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15 Apr 2019

Schadenfreude is a word that incites anger in me.                                                                    

It is vile; it is incendiary. It describes the worst a person could ever be.

Schadenfreude sums up a person’s personality to the extent of suffocating whatever might be good about a person.

The word mixes harm, joy and damage and the outcome is foul.

Schadenfreude not only tells but warns us about a person who rejoices at the suffering of another.                                                                                                             

Deriving pleasure from someone else’s suffering is satanic.                                          

So it was that when I saw Zimbabwe’s president, Emmerson Mnangagwa, looking embarrassingly over-excited about a $2.5 million contribution from the United States government to assist the survivors of Cyclone Idai and in burying the dead, I felt deflated, annoyed and downright insulted.

I have never seen a person celebrating after receiving donations for the dead.                 

This was aid to find the dead; this was money for the survivors to reestablish themselves. 

This was money to help bury the dead with dignity but, to Mnangagwa, this was a sanction-busting contribution and he told the suffering people, who were forced to stand before him, that America had sent real money, not the currency he is making the people use in Zimbabwe.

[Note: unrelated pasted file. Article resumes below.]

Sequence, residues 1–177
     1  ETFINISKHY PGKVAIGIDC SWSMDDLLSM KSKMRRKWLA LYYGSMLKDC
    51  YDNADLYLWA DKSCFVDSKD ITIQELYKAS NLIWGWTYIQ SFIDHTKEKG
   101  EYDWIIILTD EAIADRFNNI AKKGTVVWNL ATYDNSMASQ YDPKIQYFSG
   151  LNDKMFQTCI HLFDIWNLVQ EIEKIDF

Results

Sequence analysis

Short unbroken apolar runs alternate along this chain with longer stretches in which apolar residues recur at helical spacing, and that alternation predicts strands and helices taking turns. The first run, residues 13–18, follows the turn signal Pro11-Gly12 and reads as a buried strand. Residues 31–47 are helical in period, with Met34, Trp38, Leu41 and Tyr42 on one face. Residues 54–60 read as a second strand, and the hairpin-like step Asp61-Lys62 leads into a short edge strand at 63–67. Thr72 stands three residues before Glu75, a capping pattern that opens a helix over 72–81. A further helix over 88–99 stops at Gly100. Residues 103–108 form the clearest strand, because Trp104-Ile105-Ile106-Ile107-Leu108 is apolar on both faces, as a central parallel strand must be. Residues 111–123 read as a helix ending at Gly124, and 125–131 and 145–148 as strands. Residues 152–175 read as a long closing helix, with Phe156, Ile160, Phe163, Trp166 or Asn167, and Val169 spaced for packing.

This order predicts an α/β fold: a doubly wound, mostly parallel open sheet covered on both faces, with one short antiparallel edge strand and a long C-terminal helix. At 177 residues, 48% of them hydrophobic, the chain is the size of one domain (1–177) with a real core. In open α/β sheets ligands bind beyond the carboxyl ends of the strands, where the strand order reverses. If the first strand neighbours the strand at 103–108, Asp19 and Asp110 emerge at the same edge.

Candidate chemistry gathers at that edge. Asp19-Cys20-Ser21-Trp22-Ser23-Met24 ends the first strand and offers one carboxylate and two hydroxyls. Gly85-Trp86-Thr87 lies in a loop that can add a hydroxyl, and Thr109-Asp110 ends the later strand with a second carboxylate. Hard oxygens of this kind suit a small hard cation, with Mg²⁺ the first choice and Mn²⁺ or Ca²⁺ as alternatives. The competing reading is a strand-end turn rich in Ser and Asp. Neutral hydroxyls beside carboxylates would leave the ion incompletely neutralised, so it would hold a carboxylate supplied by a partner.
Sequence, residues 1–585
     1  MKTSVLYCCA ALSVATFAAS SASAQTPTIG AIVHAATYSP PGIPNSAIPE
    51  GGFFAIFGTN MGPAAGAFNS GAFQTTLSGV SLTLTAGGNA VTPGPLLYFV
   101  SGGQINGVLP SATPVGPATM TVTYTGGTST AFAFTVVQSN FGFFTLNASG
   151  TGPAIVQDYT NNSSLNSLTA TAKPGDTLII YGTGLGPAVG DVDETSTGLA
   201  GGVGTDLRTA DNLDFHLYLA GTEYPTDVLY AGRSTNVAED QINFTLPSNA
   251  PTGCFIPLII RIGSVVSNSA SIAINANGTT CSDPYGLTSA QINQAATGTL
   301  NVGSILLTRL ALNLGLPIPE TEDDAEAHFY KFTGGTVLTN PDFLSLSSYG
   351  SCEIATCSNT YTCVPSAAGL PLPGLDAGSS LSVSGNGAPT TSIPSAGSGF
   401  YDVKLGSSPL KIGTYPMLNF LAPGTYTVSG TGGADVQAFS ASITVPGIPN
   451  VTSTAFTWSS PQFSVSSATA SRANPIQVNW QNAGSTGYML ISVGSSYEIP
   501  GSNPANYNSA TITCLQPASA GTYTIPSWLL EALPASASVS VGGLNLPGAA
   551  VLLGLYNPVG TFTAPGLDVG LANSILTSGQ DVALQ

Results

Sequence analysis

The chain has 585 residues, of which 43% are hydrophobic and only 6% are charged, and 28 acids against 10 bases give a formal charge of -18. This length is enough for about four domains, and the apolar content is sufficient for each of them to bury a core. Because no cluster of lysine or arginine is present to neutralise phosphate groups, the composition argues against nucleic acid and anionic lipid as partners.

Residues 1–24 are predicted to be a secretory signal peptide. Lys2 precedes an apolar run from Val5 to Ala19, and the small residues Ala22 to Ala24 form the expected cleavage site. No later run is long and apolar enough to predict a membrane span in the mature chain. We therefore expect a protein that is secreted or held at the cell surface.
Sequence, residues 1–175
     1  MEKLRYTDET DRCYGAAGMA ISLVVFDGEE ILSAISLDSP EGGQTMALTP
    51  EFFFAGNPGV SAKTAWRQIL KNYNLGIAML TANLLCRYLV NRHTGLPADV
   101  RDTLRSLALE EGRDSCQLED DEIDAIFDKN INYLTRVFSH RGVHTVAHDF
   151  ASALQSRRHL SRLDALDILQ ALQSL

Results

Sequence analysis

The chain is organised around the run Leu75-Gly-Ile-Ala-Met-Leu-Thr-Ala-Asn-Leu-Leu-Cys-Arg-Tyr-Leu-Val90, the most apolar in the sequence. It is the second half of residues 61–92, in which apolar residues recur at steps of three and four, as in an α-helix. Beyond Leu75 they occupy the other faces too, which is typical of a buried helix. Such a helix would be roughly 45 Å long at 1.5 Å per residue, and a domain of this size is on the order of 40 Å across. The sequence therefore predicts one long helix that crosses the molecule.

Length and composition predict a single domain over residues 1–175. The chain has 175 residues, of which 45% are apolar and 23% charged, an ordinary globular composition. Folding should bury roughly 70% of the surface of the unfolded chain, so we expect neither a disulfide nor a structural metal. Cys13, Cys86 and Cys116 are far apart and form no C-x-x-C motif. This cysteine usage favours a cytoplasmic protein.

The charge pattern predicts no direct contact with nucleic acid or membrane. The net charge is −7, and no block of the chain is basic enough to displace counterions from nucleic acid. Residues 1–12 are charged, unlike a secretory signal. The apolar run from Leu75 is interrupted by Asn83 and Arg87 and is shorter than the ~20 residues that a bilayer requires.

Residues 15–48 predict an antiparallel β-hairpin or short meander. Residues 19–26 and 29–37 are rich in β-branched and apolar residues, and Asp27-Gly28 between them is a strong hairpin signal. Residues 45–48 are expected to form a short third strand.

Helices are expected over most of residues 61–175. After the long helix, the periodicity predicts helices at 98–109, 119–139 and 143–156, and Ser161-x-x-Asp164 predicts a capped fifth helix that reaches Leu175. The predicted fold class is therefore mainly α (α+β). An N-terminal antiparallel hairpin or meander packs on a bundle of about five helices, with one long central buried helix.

It is not nice to label anyone a moron, so I will not do so.                                               

It, however, seems to me that while he wanted to be president, Mnangagwa had no idea what leadership is or what the job entails.                                                                     

He still does not know what to do about anything.                                             

Zimbabweans are still waiting to see a difference, to see an ideology, a signal of sorts of what he wants to do or where he is aiming at.

It’s not that he has no empathy, he just does not have any empathy. He absolutely has no idea what he should do or what he means to Zimbabwe.

When disaster struck Zimbabwe, the international community responded on its own, just like it always does when any other nation is in suffering.

Food, clothing, blankets and other things that help survivors not only to live but to help in burying their dead were distributed.

And, as we have mentioned before, Mnangagwa’s ruling party let lose its youths. They started interfering with the aid, distributing it to those known to be ruling party supporters and allegedly carting a lot of the aid away. Shamefully, the controversy still continues to this day.

African culture teaches us things, especially how to interact and socialize with others in and outside our community.

There are norms we respect and there are social and traditional practices we uphold.

Grand-parents put us through our paces of social grooming, so did our parents, aunts, uncles and school-teachers.

From community elders to village and school heads, there was always a determined effort to ensure that people within the community respected our norms.